A Chemical-Free Home is Achievable Even on a Budget
What if we still painted our homes with lead?
Mixed with pigment, lead leaves a shiny, white finish. It was a standard for decades.
But 40 years ago, the dangers of lead became clear. Home painters exchanged shiny walls for fewer health risks.
Imagine putting a can of lead under your sink, using it to mop your floors in an unventilated home, spraying it on your tub or shower to kill germs.
We scoff at that idea, but hardly bat an eye when dowsing our homes in chemicals that could harm us if we accidentally drank a glass. They at least irritate our lungs each time we use them. In 2016, household cleaners were responsible for 11 percent of toxic exposures reported to the Poison Control Center in the United States. Children are particularly at risk.
What Researchers Say About the Importance of a Chemical-Free Home
Studies have increasingly shown that people often exposed to home cleaners are more likely to develop asthma. And some research suggests certain common, home-cleaner chemicals cause cancer cells to multiply – but this research is still in its beginning stages.
The American Lung Association (ALA) warns against volatile organic compounds (VOCs). These include chemicals found in paint, oven cleaner, hand soap, window cleaners, etc. Generally these can cause asthma, respiratory problems, nausea and a variety of other symptoms, as listed by the Environmental Protection Agency (EPA).
What Are the Best Chemical-Free Home Solutions?
A few basic ingredients prove just as effective for home maintenance: Vinegar, lemon juice, baking soda and even microfiber cloths – paired with elbow grease – can clean your home just as well in most instances.
If you don’t want to make your own products, there are plenty of brands that are non-toxic and green; just be aware of “greenwashing”. Just because something is “biodegradable” or “natural”, doesn’t mean it’s actually helping the environment. Look for legitimate logos, like the “Design for the Environment” logo by the EPA, the Green Seal or the EcoLogo.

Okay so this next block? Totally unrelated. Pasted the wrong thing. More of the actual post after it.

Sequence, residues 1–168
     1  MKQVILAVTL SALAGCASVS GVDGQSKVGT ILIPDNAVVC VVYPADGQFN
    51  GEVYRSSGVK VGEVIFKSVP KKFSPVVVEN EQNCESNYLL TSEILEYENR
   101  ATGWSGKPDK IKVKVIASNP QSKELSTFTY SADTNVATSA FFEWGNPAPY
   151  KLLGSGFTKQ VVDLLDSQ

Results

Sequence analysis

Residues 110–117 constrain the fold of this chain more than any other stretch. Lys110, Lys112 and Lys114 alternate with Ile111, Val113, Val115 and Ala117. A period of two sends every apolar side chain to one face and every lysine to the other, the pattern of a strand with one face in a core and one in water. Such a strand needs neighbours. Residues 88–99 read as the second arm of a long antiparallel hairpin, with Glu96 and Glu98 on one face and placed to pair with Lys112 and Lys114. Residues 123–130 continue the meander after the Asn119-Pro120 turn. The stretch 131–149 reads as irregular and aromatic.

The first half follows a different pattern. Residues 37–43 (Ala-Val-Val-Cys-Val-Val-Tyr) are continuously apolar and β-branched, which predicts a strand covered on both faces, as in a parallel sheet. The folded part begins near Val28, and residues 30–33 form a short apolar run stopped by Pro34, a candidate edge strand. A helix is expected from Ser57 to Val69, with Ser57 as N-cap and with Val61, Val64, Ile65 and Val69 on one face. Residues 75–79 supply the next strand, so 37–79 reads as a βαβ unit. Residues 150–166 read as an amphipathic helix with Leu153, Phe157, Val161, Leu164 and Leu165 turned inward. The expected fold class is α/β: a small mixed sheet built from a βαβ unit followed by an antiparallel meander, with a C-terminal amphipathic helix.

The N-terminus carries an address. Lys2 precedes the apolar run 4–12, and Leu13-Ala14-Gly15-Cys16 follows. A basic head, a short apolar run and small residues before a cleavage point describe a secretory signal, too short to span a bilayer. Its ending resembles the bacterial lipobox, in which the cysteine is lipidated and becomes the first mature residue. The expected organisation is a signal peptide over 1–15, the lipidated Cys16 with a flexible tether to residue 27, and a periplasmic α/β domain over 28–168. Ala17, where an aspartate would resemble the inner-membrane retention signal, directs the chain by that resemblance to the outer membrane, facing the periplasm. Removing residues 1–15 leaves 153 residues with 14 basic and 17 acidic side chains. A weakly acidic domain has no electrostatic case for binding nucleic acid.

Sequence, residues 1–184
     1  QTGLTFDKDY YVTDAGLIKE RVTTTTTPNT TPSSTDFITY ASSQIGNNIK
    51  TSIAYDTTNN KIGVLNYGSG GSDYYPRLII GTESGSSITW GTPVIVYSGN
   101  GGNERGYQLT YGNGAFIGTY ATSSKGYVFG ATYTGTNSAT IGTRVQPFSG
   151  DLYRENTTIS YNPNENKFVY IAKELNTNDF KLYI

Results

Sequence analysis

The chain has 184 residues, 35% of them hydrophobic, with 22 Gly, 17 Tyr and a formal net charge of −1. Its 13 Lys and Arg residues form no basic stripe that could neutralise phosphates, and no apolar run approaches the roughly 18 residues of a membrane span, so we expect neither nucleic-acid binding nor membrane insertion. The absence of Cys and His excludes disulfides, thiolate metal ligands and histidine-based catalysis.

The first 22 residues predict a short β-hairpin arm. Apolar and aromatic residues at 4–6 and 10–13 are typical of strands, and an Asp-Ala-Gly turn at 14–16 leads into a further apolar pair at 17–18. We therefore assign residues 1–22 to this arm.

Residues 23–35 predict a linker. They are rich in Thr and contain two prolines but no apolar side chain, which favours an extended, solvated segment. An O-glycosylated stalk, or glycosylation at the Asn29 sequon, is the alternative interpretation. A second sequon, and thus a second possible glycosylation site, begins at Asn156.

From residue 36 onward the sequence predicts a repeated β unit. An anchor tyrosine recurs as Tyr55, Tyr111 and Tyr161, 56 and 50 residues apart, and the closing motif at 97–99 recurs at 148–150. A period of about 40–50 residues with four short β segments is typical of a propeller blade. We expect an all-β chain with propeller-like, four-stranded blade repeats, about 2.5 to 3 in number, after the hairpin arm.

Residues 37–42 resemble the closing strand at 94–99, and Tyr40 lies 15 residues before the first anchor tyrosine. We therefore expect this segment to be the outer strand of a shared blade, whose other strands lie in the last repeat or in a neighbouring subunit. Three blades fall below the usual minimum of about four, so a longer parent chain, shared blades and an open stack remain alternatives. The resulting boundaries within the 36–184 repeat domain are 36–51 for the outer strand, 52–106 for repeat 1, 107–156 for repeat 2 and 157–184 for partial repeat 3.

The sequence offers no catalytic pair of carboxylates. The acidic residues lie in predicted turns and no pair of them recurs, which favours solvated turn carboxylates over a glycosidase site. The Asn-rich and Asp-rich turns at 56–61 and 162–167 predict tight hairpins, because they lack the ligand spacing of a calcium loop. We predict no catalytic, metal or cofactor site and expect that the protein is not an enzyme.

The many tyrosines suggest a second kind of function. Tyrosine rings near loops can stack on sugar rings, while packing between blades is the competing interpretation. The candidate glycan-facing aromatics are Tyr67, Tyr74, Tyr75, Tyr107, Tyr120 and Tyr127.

According to the EPA, two main types of ingredients — surfactants and builders — can harm the environment. Surfactants help remove dirt but are toxic to aquatic life. Builders change water quality so it cleans better, but builders like inorganic phosphate can lead to a loss of oxygen in waterways. The EPA requires products bearing its label to use safer versions of these products and use low amounts of VOCs.
Suggestions for chemical-free home maintenance
Not only will switching to natural ingredients for a chemical-free home help improve your health, it will help the environment, too. Below are some suggestions for why and how to change up your home cleaning routines for the better.
- Last year, the FDA forced hand-and-bar soap companies to stop using antibacterial ingredients, like triclosan, in hopes of keeping bacteria from building up resistance and transforming into superbugs. Some concerns remain for other ingredients in many big-brand soaps, though. Instead, wash your hands or dishes with a simple castile soap, like
- Dr. Bronners. Instead of Windex, use vodka to get that squeaky-clean shine. Window cleaner often contains ammonia. Its fumes can cause eye and throat irritation – leading even to blindness – on their own; when exposed to bleach fumes, ammonia creates a noxious gas.
- Sometimes I fall prey to the “just-cover-everything-in-bleach” method. But the ALA warns bleach can contribute to chronic respiratory problems and may aggravate asthma. Instead, just cover everything in vinegar. The smell dissipates pretty quickly. Since vinegar contains acetic acid, it’s still good to ventilate the rooms you clean. Anyone can find plenty of recipes with a simple web search. For example, instead of fabric softener, remove static by adding white vinegar to your wash. Keeper of the Home suggests this all-purpose home cleaner: In a spray bottle, combine half a cup of vinegar, two tablespoons of baking soda and fill with water. Adding essential oils can cut the vinegar smell.
- Dish washing and laundry detergents are notorious for containing surfactants, builders and VOCS. Instead, (another Keeper of the Home recipe!) for dishes, try a concoction using one cup of Safer-Choice certified Lemi-Shine, one cup salt, one cup baking soda, two cups Borax and then placing in an air-tight container. Try this recipe for laundry detergent.
- Make a simple insect repellent for home or yard by blending mint leaves, water and rubbing alcohol, then spraying the mixture in offending areas.
- Paints no longer contains lead, but usually utilize VOCs that off-gas as the paint dries — it’s not the best to inhale. At minimum, make sure to keep your home ventilated when painting. Or try one of these non-VOC paints.